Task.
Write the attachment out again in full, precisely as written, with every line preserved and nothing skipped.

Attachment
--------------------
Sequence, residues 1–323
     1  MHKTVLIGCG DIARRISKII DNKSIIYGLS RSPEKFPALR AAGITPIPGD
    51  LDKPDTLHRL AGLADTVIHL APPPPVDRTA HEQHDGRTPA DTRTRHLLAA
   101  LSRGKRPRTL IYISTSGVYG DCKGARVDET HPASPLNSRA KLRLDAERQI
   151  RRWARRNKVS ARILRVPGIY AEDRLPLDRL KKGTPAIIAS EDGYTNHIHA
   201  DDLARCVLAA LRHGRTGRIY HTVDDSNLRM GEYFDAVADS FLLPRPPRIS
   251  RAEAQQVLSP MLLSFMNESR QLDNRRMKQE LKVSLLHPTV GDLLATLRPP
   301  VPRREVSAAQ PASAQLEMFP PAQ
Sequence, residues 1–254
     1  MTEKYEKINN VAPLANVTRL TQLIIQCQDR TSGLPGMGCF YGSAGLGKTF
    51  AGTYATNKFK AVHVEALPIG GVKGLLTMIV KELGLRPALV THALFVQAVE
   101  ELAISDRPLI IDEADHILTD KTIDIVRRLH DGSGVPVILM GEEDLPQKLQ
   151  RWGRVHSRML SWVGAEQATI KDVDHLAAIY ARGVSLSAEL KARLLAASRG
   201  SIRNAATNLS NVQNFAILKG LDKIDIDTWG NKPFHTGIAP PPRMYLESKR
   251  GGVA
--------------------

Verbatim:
Sequence, residues 1–323
     1  MHKTVLIGCG DIARRISKII DNKSIIYGLS RSPEKFPALR AAGITPIPGD
    51  LDKPDTLHRL AGLADTVIHL APPPPVDRTA HEQHDGRTPA DTRTRHLLAA
   101  LSRGKRPRTL IYISTSGVYG DCKGARVDET HPASPLNSRA KLRLDAERQI
   151  RRWARRNKVS ARILRVPGIY AEDRLPLDRL KKGTPAIIAS EDGYTNHIHA
   201  DDLARCVLAA LRHGRTGRIY HTVDDSNLRM GEYFDAVADS FLLPRPPRIS
   251  RAEAQQVLSP MLLSFMNESR QLDNRRMKQE LKVSLLHPTV GDLLATLRPP
   301  VPRREVSAAQ PASAQLEMFP PAQ
Sequence, residues 1–254
     1  MTEKYEKINN VAPLANVTRL TQLIIQCQDR TSGLPGMGCF YGSAGLGKTF
    51  AGTYATNKFK AVHVEALPIG GVKGLLTMIV KELGLRPALV THALFVQAVE
   101  ELAISDRPLI IDEADHILTD KTIDIVRRLH DGSGVPVILM GEEDLPQKLQ
   151  RWGRVHSRML SWVGAEQATI KDVDHLAAIY ARGVSLSAEL KARLLAASRG
   201  SIRNAATNLS NVQNFAILKG LDKIDIDTWG NKPFHTGIAP PPRMYLESKR
   251  GGVA